From March 2012, until after the last day of school that June, Shannon Browne, a member of the founding leadership team of Believe Southside Charter High School in Williamsburg, Brooklyn, and later its principal, spent her time completing a list of necessary tasks before the school closed its doors. Instead of focusing on the growth and learning of her students and staff, she was busy reconciling accounts, distributing unused supplies, ensuring each student had a new school to attend in the fall, and keeping parents and families informed.
A different type of transition is taking place this year at Bread & Roses Integrated Arts High School in Harlem. Ninth graders Jeremy Rivera and Nakia Watson are trying to navigate their educational paths, after finding out in March that their school will begin the phase-out process next fall. Schools phasing out stop accepting new students; those who remain can opt to stay, or go. Rivera is hoping to transfer to a private school, while Watson believes she will stay put, unsure how the phase-out will affect her school. Teachers and administrators like Pooja Bhaskar, a ninth grade teacher in her first year at the school, and Sabrina Cochran, one of the school’s two guidance counselors, are also uncertain about where they will be next year as the school downsizes.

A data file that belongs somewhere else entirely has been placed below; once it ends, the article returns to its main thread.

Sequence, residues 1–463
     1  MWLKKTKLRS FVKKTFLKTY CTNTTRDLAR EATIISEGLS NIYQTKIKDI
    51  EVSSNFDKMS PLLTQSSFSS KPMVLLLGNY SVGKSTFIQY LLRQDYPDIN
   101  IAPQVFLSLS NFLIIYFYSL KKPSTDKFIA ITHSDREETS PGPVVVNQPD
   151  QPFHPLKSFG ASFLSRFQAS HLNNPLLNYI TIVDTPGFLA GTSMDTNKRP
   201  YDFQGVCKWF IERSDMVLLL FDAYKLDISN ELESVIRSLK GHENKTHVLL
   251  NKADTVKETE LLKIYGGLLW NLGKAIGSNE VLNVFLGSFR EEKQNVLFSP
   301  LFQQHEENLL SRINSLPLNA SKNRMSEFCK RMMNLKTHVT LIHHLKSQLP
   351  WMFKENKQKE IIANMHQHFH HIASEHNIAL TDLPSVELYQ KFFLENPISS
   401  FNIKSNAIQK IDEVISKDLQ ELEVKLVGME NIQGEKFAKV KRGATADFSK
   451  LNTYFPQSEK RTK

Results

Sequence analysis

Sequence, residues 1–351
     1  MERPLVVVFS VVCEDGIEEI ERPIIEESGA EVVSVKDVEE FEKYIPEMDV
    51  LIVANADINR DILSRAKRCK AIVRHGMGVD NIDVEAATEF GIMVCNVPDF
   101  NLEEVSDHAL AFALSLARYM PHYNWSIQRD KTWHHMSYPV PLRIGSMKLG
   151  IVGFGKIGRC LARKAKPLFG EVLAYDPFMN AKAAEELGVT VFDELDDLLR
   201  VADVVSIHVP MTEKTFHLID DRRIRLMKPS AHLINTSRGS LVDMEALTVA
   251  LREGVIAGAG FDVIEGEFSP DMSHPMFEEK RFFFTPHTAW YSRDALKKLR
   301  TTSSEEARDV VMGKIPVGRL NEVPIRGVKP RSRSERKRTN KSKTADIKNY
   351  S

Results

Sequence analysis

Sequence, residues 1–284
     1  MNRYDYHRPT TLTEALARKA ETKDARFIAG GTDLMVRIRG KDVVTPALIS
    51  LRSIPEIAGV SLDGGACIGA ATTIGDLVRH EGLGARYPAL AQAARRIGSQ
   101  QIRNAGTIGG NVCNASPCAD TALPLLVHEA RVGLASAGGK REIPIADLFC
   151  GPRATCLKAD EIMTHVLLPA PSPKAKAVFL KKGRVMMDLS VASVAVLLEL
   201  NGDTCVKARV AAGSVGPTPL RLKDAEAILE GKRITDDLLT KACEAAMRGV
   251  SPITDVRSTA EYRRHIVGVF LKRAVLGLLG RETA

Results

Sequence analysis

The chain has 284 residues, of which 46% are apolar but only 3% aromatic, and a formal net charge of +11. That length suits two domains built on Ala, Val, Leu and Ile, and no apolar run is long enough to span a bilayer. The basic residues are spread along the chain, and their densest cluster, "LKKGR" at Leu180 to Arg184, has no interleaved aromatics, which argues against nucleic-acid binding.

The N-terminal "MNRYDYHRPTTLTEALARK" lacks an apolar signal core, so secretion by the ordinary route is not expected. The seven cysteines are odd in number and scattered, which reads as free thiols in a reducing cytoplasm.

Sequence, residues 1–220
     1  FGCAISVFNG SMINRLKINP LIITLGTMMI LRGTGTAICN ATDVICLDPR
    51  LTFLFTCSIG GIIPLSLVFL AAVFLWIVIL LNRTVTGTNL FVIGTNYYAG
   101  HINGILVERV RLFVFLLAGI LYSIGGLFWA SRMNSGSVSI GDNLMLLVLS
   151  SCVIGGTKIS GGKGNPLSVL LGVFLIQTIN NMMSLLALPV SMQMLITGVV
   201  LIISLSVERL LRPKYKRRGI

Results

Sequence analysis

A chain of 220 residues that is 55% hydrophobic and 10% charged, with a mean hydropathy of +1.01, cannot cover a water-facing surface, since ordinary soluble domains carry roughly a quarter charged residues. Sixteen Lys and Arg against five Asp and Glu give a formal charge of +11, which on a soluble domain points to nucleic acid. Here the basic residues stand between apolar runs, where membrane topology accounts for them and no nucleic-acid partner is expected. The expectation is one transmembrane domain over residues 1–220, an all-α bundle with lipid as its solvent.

Both schools illustrate different ends of the school closure spectrum. Believe Southside Charter High School receives public funds but is run privately, like all charters. Its demise was the result of mismanagement by the network that ran it and because its board of trustees did not abide by charter law. Tonia Hucey, a parent who chose to send her son to the charter instead of a public school, was devastated by the news and feels let down again by the education system. Bread & Roses was marked for phase-out because of its poor performance. It received an F on its 2011-2012 Progress Report and Ds in 2009-2010 and 2010-2011. Its graduation rates are low and have been declining since 2008-2009. Students, staff and families alike are unsure what the phase-out will mean for them. Some are excited about getting the opportunity to move on.